If any of the views you see – from your own window, from one of the window views on the Window Swap app, or even perhaps from the window view sent to you by a friend – inspire you to write a poem, we’d love to see it. If you’d like to share it with us on Twitter, Facebook or Instagram, please use the hashtag #windowswap2021, and you can tag us at @StAnzaPoetry (Twitter), stanzapoetry (Instagram) or stanzapoetry (Facebook).

Happy writing!

Categories: News

Poetry Map of Scotland: poem no. 370

Friday 22 January 2021, 15:55

Colours Of Glory

60,000 congregationers
gather at 3 pm
for Saturday devotions
and sometimes Sunday or Midweek services
at high noon or 7.45 of an evening
this is the place the faithful come to worship
the skills of those who wear the colours of glory
this is where we learn chapter and verse
the book of our story
the history and identity that moulds us
in to who we are and will remain
throughout the days of our lives
this is where we learned of lions who roared
in the heat of the Lisbon sun
and how we thought after defeating the might of Leeds
we would be crowned kings of Europe
for the second time in four years
till Feyenoord taught us the valuable lesson
that complacency kills dreams
in the home of the team we defeated
when we brought the big cup home to Scottish shores
this is so much more
than a sporting arena
it is and has been home to the artist, the thinker the dreamer
and brave and courageous leaders
this is not just a theatre of dreams
as some clubs claim their stadium to be
this is a temple where icons and legends were made
as Swedes, Slovakians, Bulgarians and Japanese
joined local bhoys to become heroes in the hoops
it's a place where experience meets youth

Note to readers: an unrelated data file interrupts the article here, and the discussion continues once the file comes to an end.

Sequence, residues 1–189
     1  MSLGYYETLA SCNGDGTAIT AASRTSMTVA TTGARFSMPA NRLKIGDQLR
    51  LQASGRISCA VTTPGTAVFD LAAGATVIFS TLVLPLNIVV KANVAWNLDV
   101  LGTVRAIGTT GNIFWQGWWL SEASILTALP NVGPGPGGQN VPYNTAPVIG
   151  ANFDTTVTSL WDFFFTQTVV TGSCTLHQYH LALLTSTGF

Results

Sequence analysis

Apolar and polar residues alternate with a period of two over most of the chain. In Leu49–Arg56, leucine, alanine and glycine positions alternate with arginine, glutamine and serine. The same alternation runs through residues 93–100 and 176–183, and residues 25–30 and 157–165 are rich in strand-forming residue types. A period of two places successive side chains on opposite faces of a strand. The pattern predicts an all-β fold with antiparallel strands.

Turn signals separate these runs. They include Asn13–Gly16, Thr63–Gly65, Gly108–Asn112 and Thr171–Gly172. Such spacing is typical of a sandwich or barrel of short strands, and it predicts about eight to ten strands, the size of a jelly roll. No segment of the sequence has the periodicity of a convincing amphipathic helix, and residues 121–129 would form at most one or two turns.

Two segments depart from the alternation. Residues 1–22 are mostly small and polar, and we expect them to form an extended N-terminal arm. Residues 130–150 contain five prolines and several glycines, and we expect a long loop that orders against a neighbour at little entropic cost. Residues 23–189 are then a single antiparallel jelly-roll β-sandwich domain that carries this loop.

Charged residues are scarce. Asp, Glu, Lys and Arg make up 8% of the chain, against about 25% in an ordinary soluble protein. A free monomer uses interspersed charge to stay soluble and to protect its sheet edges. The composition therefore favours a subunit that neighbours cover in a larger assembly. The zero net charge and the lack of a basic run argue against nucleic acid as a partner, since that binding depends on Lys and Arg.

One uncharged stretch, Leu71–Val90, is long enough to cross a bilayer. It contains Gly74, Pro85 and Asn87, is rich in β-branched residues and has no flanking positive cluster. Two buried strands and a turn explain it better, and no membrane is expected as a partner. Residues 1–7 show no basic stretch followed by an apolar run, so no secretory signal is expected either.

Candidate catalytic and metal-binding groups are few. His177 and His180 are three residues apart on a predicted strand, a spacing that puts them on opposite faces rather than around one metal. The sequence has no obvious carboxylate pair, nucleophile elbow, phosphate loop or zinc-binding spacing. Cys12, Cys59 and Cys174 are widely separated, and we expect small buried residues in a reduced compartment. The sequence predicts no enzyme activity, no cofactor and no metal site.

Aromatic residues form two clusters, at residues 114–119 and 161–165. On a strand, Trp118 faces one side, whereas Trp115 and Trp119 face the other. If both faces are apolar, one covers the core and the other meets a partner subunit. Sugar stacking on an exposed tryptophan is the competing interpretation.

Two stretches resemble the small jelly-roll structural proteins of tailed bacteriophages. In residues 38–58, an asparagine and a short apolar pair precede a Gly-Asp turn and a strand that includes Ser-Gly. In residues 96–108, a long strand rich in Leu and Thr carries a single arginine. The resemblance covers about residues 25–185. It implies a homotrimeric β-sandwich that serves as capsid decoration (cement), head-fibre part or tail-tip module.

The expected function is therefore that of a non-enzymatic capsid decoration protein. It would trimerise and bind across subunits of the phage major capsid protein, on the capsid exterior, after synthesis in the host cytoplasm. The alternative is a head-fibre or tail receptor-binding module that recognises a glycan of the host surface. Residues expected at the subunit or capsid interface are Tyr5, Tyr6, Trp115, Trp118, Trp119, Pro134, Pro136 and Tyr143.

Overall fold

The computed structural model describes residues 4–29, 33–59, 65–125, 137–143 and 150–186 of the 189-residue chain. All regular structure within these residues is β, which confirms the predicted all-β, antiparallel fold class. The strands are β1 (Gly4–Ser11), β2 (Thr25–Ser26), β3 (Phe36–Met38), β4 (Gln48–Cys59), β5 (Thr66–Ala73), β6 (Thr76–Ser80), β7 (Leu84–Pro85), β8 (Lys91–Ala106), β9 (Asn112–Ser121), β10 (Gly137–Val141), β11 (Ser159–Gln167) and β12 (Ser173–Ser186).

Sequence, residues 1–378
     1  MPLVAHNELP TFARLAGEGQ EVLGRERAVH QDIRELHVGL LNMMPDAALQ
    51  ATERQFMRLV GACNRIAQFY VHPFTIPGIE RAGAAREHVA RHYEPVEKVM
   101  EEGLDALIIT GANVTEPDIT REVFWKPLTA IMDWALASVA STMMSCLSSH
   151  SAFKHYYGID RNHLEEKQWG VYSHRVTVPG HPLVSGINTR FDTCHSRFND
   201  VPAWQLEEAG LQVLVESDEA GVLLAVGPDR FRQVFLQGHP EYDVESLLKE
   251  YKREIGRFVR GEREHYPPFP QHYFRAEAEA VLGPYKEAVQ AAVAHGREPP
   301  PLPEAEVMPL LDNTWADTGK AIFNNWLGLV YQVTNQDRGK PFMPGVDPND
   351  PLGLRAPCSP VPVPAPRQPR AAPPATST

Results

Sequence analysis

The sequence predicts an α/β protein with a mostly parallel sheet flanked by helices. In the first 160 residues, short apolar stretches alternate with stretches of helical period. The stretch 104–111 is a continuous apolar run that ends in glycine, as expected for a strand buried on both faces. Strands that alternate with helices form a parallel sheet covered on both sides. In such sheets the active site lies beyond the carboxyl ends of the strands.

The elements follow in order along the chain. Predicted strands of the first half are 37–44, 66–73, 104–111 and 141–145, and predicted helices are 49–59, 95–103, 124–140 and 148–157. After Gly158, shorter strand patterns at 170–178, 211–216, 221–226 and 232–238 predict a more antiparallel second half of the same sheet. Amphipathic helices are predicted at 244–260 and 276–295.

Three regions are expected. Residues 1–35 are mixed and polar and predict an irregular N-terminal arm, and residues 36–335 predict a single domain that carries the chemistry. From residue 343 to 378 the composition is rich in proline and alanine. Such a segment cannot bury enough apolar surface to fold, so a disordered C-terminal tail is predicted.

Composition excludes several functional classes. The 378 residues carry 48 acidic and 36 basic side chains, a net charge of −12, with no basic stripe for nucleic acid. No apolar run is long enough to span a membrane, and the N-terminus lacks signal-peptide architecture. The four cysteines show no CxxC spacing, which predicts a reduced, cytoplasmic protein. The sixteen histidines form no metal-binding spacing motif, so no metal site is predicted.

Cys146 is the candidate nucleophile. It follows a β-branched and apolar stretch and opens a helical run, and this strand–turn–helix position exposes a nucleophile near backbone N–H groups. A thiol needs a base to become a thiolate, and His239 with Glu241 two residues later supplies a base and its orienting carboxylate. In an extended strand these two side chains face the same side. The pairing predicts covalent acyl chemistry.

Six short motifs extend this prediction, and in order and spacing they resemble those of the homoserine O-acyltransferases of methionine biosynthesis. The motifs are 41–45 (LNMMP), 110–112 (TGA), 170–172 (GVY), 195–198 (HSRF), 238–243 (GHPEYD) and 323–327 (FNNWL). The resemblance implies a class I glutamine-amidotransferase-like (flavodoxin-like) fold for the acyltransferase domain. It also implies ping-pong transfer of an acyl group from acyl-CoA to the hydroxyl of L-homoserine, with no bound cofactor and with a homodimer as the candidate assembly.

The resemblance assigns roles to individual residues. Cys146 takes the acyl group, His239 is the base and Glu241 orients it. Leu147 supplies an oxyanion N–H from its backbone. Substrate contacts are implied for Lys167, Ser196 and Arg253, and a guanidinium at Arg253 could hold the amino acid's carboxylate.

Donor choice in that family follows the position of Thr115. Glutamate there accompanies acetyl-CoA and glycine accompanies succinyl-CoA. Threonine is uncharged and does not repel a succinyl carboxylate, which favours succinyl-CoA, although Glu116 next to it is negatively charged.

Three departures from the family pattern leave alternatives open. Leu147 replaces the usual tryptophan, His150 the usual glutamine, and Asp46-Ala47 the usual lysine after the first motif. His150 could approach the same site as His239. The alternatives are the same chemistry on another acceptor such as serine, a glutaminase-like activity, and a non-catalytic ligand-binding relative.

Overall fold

where generations have gathered together
to cheer the Celts and break the bread of friendship
share it with strangers and with kin
and win lose or draw to come home to paradise
to take our place in the palace of champions
as we answer the call to worship

Gayle Smith

View our full map of Scotland in Poems as it grows »

For instructions on how to submit your own poems, click here

All poems from our Poetry Map of Scotland  are subject to copyright and should not be reproduced otherwise without the poet's permission.

Categories: Poetry Map

Poetry Map of Scotland: poem no. 369

Wednesday 20 January 2021, 17:31

You can't eat a view

That's what my mom said. Brochview,
where I grew up. Halfway up the steepest hill,
blattered by sea gales, penned in by nosy sheep,
with salt-crust windows that eyed that broch
in all its solid, blocked squatness.

Smug old pile of stone is what it was.

And I a weaver's daughter, and holding
the requisite ever-knitting mother. Tourists
had expectations of me – oh my days just gazing
at the cliffs and contours of that island
that belonged to that broch.

We all belonged to that broch.

Sure enough, a view fills bellies not at all.
The bank took the view and the house away,
though I'd already walked out of shot, long gone
somewhere less picturesque. Still, if I'd known
when I left I'd never look back,

I might've stopped at a window one last time.

Maxine Rose Munro

View our full map of Scotland in Poems as it grows »

For instructions on how to submit your own poems, click here

All poems from our Poetry Map of Scotland  are subject to copyright and should not be reproduced otherwise without the poet's permission.

Categories: Poetry Map

Poetry Map of Scotland: poem no. 368

Tuesday 19 January 2021, 12:02

Treesbank Estate

These woods were dark and deep and long
I would walk through them, and sing a song
Though the path would become steeper
I never worried about the wood-keeper.
Trees trees trees surrounding me like
A green cathedral made me feel free
To enjoy a bounty here on earth
That dear place I knew since my birth.
The birds were soft, the birds were loud
I came here to escape the crowd
Light soft filtering through the leaves
And shadows that surrounded me.
The green, the trees that fallen lay
The dawning light, the darkened day
Times of year, the lengthening spring
Soon the summer days would bring
A sense of love and peace and joy
No other humans there to annoy
Alone and yet not alone I see
Those woodlands they have set me free.

Alex Frew

View our full map of Scotland in Poems as it grows »

For instructions on how to submit your own poems, click here

All poems from our Poetry Map of Scotland  are subject to copyright and should not be reproduced otherwise without the poet's permission.

Categories: Poetry Map